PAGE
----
At Elk Creek near Honey Springs in the Indian Territory (now Oklahoma), Union Brig. Gen. James G. Blunt attacked Confederate troops commanded by Brig. Gen. Douglas Cooper. In the severe fighting of the largest engagements in the territory, Gen. Cooper’s command was forced to retire for lack of ammunition. Included in the combatants were Federal black soldiers fighting against Confederate Indians.
The next day, another attack by Union forces was launched against Confederate defenders at Ft. Wagner in Charleston Harbor, S.C. Brig. Gen. Truman Seymour’s 6,000 Federals made a failed frontal assault and suffered appalling losses: 246 killed, 880 wounded and 389 captured or missing. Union casualties were 25 percent of those engaged.
The failure of the attack led the Union commander, Maj. Gen. Quincy Gillmore, to consider laying siege to the Confederate stronghold. The Confederates began moving artillery from Ft. Sumter in the middle of the harbor to reinforce other shore batteries defending the city and the harbor.
In Ohio, Maj. Gen. John H. Morgan’s Confederate cavalry continued to raid through Ohio, heading south and intending to cross back into Kentucky. He found his way blocked by Union troops, and so turned north and headed toward the Pennsylvania border.
In Washington, President Lincoln expressed his disappointment that Maj. Gen. George Meade did not move quickly to catch Gen. Lee’s army with its back to the Potomac River during the three days prior to Confederate crossings back into Virginia. Union troops began moving across the Potomac on July 20.
The next day, there was some severe fighting in the Manassas Gap at Wapping Heights in Warren County, as lead elements of the Union army attempted to secure the passes in the Blue Ridge Mountains to prevent Gen. Lee’s army from leaving the Shenandoah Valley. The Union troops were defeated and the Confederates moved through Chester Gap and into Rappahannock County, intending to get as far as Culpeper Courthouse.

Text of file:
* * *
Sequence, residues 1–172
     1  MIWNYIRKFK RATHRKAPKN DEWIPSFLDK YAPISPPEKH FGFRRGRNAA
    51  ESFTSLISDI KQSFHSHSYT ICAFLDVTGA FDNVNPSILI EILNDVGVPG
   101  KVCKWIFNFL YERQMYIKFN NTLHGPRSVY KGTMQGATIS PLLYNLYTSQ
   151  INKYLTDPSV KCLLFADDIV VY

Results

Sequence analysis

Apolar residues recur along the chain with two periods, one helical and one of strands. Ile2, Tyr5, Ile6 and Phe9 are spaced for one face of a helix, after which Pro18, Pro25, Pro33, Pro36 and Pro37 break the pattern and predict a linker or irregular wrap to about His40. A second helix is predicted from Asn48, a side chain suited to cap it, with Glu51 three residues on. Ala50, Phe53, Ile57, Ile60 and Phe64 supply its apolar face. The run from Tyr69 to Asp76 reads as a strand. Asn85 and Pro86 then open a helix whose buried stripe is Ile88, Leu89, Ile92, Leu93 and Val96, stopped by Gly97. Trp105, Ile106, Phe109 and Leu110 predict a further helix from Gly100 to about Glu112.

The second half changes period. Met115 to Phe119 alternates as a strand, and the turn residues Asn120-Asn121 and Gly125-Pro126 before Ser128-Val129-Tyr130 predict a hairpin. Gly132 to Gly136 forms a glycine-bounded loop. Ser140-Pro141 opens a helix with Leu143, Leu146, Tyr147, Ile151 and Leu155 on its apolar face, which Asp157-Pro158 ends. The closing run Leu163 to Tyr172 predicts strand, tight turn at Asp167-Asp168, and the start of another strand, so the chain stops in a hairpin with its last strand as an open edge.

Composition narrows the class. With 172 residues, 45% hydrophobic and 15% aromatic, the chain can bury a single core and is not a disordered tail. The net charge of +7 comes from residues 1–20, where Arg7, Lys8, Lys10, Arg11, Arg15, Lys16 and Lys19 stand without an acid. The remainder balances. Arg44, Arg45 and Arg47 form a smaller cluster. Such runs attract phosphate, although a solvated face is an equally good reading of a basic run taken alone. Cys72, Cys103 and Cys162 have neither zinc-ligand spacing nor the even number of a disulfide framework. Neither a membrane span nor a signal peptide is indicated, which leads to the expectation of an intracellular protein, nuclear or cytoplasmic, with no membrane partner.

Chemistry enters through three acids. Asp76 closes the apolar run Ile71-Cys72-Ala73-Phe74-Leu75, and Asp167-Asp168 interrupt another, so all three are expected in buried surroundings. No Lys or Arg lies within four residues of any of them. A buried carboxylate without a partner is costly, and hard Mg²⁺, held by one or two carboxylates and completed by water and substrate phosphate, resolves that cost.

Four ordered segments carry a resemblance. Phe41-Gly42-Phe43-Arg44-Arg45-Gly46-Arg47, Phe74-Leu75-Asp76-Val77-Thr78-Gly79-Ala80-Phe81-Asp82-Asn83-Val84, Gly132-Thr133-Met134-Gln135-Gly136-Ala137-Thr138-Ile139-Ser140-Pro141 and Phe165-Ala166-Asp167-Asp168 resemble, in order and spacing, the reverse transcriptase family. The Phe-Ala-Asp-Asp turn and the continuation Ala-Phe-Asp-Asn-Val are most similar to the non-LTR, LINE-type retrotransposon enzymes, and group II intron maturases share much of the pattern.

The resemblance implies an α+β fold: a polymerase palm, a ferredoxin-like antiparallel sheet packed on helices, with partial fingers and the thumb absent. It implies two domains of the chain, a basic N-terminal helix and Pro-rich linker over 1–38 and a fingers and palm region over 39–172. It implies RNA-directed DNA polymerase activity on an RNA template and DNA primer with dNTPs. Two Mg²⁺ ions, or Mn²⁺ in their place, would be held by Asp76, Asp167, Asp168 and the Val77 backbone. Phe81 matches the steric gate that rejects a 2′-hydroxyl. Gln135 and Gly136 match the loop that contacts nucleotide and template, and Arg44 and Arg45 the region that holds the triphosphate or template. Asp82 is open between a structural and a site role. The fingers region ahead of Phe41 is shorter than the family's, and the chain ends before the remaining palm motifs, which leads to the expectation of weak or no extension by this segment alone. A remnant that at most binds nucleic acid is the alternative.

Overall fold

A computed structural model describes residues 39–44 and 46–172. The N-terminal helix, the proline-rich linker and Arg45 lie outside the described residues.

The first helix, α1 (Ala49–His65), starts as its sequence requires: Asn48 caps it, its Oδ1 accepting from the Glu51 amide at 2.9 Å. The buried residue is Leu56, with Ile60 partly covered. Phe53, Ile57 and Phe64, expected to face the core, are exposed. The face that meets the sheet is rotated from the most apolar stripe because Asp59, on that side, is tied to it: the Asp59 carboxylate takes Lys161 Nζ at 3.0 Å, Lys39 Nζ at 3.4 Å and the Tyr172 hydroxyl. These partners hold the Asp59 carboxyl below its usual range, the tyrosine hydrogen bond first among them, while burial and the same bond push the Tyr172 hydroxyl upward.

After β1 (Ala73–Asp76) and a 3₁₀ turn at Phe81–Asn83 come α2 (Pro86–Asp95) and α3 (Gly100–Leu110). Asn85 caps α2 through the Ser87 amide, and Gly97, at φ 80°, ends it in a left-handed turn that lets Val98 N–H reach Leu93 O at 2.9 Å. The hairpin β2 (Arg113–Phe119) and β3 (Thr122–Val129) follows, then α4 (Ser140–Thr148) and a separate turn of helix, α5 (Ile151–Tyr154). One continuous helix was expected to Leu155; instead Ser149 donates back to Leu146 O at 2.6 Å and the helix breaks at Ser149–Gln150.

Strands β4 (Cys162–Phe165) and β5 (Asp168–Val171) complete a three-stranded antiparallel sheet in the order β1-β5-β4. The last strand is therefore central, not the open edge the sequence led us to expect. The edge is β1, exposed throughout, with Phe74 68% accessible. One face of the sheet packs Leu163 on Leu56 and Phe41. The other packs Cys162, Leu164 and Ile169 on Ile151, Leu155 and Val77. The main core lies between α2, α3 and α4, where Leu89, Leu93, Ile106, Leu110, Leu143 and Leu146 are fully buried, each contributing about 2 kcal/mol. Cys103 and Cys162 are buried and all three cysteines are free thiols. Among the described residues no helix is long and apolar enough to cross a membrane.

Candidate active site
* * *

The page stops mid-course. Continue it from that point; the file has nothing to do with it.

Two-thirds of the Army of Northern Virginia were moving south on the Richmond Road in Rappahannock County, unaware that Brig. Gen. George Custer had arrived near Amissville with some 1,200 cavalry and Battery M of the 2nd U.S. Artillery on July 21. The Confederate Army, with Lt. Gen. James Longstreet’s First Corps leading, proceeded through Flint Hill, on what is now U.S. 522, and turned south and marched towards Gaines’s Crossroads (Ben Venue today).
Lt. Gen. A. P. Hill’s Third Corps followed the First Corps. As Longstreet’s corps passed through Gaines’s Crossroads on Richmond Road on July 23, Gen. Custer sent a regiment of cavalry west from Amissville to the crossroads by way of the Sperryville-Alexandria Turnpike (present day Lee Highway), where his scouts reported military activity. The result was quick skirmish a short distance south on the Richmond Road from the turnpike.
The Federal cavalry was no match for the sheer numbers of infantry and cavalry escorts, and they returned in haste to Amissville. It was now dark. At daybreak on Friday, July 24, Gen. Custer moved his entire division in force over what is now Battle Mountain Road (today’s Route 640) to intercept the Confederate troops at Newby’s Crossroads (near Laurel Mills). He apparently had no idea when he left his headquarters at the Spindle House in Amissville that he was stalking the entire Army of Northern Virginia, save for Lt. Gen. Richard Ewell’s Second Corps, which crossed the Blue Ridge at Manassas Gap east of Front Royal.
Gen. Longstreet’s command had passed through Newby’s on the way to Culpeper, and Gen. Custer’s troops occupied the shoulder of Battle Mountain, intending to take on what he thought was a small contingent of Confederate infantry. Gen. Hill sent word to Gen. Longstreet that Union cavalry was attacking his front; Gen. Longstreet detached Brig. Gen. Henry Benning’s Georgia Brigade and sent it north to Newby’s, where the Georgians pinned Gen. Custer’s men between the two Confederate forces.
The fighting was intense but swift, and Gen. Custer ordered his men back to Amissville, hacking their way in disarray through the thick woods. With the Union cavalry out of the way, Gen. Hill’s command continued unmolested towards Culpeper. The fighting at Battle Mountain resulted in two officers from Gen. Custer’s command receiving the Medal of Honor in the 1890s for their service that day at Battle Mountain.